Officers provided aid until medics arrived and brought the victim to a Hartford area trauma hospital, where he is reported to be in critical condition.

Jordan Reberio, 19, of Bond Street in New Britain has charged with criminal possession of a firearm, unlawful discharge of a firearm and first-degree assault in connection with the shooting.

The New Britain Police Department and the New Britain State’s Attorney’s Office are investigating and anyone with information about the shooting should call New Britain Detective Paul O’Connor 860-826-3135.


Photo Credit: NBCConnecticut.com

Last Day to Apply for AT&T “Cramming” Refunds


If you are or were an AT&T wireless customer, you might have money coming back to you because of a $105 million settlement and the deadline to file a claim is today, May 1.

In October, the Federal Trade Commission said AT&T Mobility LLC, a subsidiary of the telecom giant, agreed to the settlement after the government accused the company of unlawfully billing customers for hundreds of millions of dollars in bogus unauthorized third-party charges - a practice known as cramming.

The settlement called for FTC to receive $80 million for consumer refunds.

So far, 4.9 million people have applied nationwide for refunds, according to a statement from U.S. Senator Richard Blumenthal.

“These unlawful charges were forced on consumers without their consent or even knowledge, and refunds must be issued. Unauthorized and unscrupulous third-charges—hidden in bills through vague and deceptive language—robbed consumers and they deserve their money back. The procedure to apply is simple and quick, and consumers should apply immediately to ensure they receive what they are rightfully owed,” Blumenthal said in a statement.

To apply for a refund, AT&T customers should go to the Federal Trade Commission Website. If you have questions or need a paper claim, call 1-877-819-9692.

AT&T will be sending notices to customers who are eligible for refunds.

In December, the FCC, FTC and all 50 states also reached a similar settlement with T-Mobile for $90 million. The deadline to claim refunds in that case is June 30. Learn more about the T-Mobile refunds on the FTC’s Web site or by calling 1 (855) 382-6403.


Photo Credit: Getty Images

Baltimore Cops Charged: What Depraved Heart Murder Is


The most serious charge against one of the Baltimore officers accused in the death of Freddie Gray is one many Americans likely have not heard of: depraved heart murder.

The Legal Information Institute, a research group housed at Cornell University Law School, defines the charge this way: "Killing someone in a way that demonstrates a callous disregard for the value of human life. For example, if a person intentionally fires a gun into a crowded room, and someone dies, the person could be convicted of depraved heart murder."

Officer Caesar Goodson, Jr., who drove the police van that brought Gray to a police station, is charged with second-degree depraved heart murder.

He is accused of failing to get medical help for Gray and failing to secure him with a seat belt inside the van. At one point, he drove to help with another arrest instead of providing medical help to Gray, Baltimore City State's Attorney Marilyn Mosby said.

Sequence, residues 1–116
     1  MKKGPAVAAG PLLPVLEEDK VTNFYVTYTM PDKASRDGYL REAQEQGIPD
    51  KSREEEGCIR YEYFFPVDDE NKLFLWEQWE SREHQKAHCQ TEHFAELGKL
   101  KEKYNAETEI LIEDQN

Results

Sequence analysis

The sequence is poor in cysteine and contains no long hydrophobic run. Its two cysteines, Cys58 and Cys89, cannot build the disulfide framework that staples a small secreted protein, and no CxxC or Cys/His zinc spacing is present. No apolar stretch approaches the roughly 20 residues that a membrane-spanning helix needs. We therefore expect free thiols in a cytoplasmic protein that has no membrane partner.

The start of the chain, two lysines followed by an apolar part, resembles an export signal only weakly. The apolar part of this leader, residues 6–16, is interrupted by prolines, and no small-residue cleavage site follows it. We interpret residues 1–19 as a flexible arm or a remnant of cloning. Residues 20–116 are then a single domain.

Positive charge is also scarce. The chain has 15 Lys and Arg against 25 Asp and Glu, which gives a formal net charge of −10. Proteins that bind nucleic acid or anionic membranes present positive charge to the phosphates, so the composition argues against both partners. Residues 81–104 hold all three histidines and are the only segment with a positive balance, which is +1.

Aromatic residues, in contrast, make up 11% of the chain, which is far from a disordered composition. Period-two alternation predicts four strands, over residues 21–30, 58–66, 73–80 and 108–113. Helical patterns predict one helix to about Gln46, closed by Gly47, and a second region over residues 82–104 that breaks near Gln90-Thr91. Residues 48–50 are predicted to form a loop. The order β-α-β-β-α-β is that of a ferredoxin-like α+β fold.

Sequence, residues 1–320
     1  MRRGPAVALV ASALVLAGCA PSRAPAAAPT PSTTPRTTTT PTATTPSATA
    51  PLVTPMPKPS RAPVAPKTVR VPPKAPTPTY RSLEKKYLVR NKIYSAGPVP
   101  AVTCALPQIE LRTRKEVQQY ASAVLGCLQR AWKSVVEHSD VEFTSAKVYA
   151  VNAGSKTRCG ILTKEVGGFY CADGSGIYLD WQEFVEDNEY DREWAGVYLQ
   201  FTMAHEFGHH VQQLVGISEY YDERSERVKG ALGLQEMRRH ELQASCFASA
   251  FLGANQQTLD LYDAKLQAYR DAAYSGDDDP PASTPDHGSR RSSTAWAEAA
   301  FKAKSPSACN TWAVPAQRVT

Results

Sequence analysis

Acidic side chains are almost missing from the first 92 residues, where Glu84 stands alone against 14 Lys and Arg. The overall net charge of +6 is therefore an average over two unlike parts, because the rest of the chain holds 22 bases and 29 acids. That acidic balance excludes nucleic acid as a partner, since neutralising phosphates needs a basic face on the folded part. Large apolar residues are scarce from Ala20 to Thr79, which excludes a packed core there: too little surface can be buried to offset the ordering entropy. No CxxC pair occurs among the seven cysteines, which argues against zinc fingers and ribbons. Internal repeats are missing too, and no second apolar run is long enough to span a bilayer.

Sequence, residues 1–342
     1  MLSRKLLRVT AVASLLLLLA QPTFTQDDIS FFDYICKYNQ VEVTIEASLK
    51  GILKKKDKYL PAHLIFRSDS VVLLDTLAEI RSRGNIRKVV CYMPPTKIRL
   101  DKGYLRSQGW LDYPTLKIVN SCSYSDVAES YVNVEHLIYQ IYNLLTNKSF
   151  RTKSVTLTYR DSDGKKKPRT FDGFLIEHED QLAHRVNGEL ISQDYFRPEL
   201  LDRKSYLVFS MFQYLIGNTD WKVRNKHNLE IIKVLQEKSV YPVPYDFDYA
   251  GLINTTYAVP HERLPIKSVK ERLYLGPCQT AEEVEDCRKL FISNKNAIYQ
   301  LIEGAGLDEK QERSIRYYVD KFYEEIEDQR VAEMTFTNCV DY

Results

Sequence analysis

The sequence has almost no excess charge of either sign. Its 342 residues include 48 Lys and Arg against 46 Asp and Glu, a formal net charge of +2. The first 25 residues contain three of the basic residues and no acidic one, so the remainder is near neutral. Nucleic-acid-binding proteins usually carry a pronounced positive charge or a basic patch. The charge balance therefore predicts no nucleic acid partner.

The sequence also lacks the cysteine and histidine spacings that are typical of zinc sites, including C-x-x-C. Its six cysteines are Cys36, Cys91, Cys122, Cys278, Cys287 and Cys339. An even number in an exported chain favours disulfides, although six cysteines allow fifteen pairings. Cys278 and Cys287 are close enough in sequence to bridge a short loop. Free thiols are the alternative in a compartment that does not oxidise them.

"Despite Mr. Gray’s obvious and recognized need for medical assistance, Officer Goodson in a grossly negligent manner chose to respond to the 1600 block of West North Avenue with Mr. Gray still unsecured by a seat belt in the wagon without rendering to or summonsing medical assistant for Mr. Gray," Mosby said.

Five other officers — Officer William Porter, Lt. Brian Rice, Officer Edward Nero, Garrett Miller and Sgt. Alicia White — also face charges. Those range from involuntary manslaughter to misconduct in office and false imprisonment.

A lawyer for some of the officers accused Mosby of a rush to judgment.

"The officers did nothing wrong," the lawyer, Michael Davey, said Friday. "These injuries did not occur as a result of any action or inaction on the part of these officers."

Photo Credit: AP

Racially Charged Fliers Show Up in East Haven


For the second time in a week, residents in Connecticut have found racially charged leaflets on their lawns, which are showing up amid riots in Baltimore over the police-custody death of Freddie Gray and protests around the nation in response to the case.

Residents of East Haven are finding fliers that read “#WHITE LIVES MATTER,” inside plastic bags, weighted down by stones. This comes days after Milford residents found similar leaflets.
There is no indication of who was responsible for the latest round of fliers.

“I guess it’s just somebody trying to put their thoughts to what’s going on as well. Hopefully nothing bad comes from it,” East Haven resident Mike Meisner said.

Freddie Gray died of a mysterious spinal injury he suffered while in police custody. On Friday morning, officials in Maryland said six Baltimore police officers involved in the arrest Gray have been charged, including one of them with murder.

Several residents who have lived in East Haven for decades said they’ve never had racial problems, so they’re not sure why anyone would drop the leaflets in their community.

“It’s calm and quiet here. They want to start something over here now. It’s terrible. I don’t know,” longtime resident Bill Dernago said.

NBC Connecticut reached out to East Haven Mayor Joseph Maturo Jr. for a response to the fliers, but a representative said he had no comment.